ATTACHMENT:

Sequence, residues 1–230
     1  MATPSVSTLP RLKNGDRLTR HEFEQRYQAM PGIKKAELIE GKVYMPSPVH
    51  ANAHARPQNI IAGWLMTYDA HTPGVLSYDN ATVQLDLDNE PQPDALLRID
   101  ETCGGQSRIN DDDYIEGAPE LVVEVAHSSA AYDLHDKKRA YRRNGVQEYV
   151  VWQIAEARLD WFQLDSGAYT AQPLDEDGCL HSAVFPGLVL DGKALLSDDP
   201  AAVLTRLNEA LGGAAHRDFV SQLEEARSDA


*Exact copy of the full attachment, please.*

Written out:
Sequence, residues 1–230
     1  MATPSVSTLP RLKNGDRLTR HEFEQRYQAM PGIKKAELIE GKVYMPSPVH
    51  ANAHARPQNI IAGWLMTYDA HTPGVLSYDN ATVQLDLDNE PQPDALLRID
   101  ETCGGQSRIN DDDYIEGAPE LVVEVAHSSA AYDLHDKKRA YRRNGVQEYV
   151  VWQIAEARLD WFQLDSGAYT AQPLDEDGCL HSAVFPGLVL DGKALLSDDP
   201  AAVLTRLNEA LGGAAHRDFV SQLEEARSDA